A limited liability company, or LLC, is a type of business structure that allows owners -- called members -- to avoid personal liability for the company's debts and obligations. Limited liability companies can also provide certain tax advantages. All 50 states and the District of Columbia allow the formation of single-member LLCs, but single-member LLCs may not have the same legal protections as multi-member LLCs.
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A single-member LLC is just what it sounds like -- an LLC with only one member, who is also the owner of the business. Originally, the LLC structure was conceived of as an alternative to a partnership or a corporation. When states began enacting legislation to allow the formation of LLCs, beginning in the 1970s, most state laws required LLCs to have at least two members, but this is not the case anymore.
A single-member LLC is treated by the IRS as a “disregarded entity” for federal income tax purposes. This means that any profit or loss from the business can be reported on the member's personal income tax, or 1040 and Schedule C forms. This means that the LLC is treated as a sole proprietorship for tax purposes. However, as of January 1, 2009, IRS rule changes mean that a single-member LLC needs to request an employer identification number, or EIN, from the IRS, and is responsible for paying excise taxes and for collecting, reporting and paying employment taxes.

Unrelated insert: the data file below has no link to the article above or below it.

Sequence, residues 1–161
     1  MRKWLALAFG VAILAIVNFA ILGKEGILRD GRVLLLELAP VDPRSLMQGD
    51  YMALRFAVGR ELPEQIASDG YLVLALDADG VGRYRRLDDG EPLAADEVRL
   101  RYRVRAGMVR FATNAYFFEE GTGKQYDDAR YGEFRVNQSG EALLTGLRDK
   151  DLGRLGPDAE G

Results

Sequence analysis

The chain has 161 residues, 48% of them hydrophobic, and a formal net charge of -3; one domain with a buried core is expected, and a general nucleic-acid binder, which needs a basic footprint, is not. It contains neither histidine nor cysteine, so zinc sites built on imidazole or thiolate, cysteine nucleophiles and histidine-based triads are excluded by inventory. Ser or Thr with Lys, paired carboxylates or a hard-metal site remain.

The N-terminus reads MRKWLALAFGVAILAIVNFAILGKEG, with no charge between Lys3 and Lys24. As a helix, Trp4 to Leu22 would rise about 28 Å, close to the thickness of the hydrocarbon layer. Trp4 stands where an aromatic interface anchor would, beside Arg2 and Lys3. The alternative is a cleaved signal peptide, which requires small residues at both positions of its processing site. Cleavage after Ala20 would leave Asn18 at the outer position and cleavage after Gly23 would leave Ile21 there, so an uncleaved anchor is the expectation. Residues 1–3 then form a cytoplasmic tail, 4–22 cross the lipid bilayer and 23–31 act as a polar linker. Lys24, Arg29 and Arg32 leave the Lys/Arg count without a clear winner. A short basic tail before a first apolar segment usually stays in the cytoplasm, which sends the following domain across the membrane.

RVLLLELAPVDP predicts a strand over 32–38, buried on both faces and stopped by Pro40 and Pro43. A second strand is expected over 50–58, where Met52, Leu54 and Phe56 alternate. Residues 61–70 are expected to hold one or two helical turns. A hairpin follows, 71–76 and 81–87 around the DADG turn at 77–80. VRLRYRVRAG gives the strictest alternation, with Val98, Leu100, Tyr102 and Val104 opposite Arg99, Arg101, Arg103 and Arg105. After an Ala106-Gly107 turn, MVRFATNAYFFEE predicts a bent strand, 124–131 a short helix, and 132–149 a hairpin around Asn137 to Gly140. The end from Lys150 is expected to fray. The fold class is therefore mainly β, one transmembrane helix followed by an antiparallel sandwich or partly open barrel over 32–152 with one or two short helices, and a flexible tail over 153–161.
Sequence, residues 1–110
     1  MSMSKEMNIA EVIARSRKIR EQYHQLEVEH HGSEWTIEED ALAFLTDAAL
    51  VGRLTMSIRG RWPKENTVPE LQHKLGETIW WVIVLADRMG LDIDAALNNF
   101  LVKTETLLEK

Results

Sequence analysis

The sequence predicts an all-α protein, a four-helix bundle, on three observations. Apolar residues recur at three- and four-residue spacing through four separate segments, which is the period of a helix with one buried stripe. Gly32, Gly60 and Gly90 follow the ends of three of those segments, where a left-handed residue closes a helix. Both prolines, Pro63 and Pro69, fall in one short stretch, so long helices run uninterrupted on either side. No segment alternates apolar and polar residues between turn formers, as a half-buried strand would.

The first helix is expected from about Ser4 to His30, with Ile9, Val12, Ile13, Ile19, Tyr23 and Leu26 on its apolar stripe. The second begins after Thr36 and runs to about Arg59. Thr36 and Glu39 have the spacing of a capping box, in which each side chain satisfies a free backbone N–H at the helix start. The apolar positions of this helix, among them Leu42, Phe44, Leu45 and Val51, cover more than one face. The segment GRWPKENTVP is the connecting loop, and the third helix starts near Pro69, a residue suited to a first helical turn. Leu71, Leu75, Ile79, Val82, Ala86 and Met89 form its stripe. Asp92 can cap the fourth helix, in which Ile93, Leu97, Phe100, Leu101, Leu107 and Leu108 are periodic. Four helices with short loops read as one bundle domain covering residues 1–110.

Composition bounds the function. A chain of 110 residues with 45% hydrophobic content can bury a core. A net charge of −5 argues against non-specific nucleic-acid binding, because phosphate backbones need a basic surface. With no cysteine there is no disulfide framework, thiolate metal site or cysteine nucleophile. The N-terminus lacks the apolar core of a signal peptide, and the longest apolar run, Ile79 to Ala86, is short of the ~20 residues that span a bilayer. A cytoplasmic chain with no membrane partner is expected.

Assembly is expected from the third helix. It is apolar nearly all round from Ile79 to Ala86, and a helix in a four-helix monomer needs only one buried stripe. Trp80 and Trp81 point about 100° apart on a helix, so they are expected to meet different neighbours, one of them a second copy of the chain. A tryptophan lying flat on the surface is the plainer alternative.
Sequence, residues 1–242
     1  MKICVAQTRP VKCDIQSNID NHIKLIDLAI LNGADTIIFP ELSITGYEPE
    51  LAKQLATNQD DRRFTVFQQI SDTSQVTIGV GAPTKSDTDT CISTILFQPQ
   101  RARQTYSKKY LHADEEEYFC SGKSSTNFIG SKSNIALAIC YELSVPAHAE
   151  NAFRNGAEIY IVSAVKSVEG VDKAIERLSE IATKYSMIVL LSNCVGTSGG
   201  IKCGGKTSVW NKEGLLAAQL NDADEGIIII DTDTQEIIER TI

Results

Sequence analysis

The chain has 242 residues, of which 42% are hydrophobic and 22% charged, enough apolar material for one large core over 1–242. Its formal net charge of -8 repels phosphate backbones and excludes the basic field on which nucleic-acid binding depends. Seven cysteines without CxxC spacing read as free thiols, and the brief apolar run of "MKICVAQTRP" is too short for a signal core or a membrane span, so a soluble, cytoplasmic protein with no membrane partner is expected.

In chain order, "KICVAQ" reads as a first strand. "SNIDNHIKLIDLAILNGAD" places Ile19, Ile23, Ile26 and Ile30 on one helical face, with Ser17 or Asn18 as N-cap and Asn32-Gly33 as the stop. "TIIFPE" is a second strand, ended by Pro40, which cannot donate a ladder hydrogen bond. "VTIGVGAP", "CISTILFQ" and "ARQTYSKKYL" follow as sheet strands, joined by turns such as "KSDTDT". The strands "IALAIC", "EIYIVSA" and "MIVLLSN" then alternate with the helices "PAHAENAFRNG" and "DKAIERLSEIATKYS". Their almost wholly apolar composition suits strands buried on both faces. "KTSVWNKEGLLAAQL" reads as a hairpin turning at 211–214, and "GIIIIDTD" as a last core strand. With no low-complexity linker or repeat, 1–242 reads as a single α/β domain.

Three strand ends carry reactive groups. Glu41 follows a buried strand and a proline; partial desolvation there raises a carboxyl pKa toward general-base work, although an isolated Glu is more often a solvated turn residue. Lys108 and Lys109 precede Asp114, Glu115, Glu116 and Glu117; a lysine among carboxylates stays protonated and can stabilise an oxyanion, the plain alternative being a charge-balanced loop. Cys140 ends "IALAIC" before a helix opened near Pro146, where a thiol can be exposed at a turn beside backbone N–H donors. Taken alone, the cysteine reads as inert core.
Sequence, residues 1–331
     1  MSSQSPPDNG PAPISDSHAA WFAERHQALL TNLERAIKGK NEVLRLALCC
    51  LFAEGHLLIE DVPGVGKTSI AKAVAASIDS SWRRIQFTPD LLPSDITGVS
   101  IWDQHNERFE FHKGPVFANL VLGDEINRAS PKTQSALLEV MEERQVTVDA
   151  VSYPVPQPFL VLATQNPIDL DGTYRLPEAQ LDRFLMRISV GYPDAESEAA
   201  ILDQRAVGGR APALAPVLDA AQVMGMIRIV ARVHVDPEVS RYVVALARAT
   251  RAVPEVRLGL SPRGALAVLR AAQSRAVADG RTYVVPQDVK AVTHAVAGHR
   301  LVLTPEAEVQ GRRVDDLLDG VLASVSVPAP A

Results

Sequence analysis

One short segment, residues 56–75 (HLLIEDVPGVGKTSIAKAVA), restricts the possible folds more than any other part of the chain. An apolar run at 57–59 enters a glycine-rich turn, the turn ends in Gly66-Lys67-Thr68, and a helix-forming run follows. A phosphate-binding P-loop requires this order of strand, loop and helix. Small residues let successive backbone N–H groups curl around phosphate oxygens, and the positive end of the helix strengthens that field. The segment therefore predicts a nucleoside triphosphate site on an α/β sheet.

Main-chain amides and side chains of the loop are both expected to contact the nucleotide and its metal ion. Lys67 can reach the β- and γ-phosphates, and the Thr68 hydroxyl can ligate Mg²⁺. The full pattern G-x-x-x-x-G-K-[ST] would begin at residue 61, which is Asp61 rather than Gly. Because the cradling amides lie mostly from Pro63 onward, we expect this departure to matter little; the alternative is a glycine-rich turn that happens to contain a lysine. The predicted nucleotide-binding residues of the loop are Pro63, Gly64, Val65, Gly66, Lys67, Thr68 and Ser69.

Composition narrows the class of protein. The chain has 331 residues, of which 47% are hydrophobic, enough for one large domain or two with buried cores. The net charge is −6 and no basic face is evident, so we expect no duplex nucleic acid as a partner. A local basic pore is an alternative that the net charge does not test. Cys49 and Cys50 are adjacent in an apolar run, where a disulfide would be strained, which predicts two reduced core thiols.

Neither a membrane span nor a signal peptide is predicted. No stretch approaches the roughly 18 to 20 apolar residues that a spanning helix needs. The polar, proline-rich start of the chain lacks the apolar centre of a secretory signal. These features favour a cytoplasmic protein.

An LLC generally shields members from being held personally liable for the company's debts. This means that the owner's personal assets and property cannot be taken away if there is a judgment against the company. When courts hold the members of an LLC personally liable for company debts, this is called “piercing the corporate veil.” Courts allow the veil to be pierced under certain conditions, such as if a member commits fraud. In a single-member LLC, these veil-piercing conditions are much easier to meet and may result in the owner being held personally liable for company debts and obligations.
Traditionally, an LLC shields the members from charging orders. A charging order is when the court allows a creditor to take control of a company and liquidate it to pay off owed debts. However, courts have begun to allow charging orders to be issued against the owners of single-member LLCs. For example, in 2010, the Florida Supreme Court allowed a creditor to gain financial control of a single-member LLC. Attorney Ken Laino writes in the "Asset Protection Law Journal" that this decision may make it more likely that courts will issue charging orders against single-member LLCs in any states that do not specifically rule this out.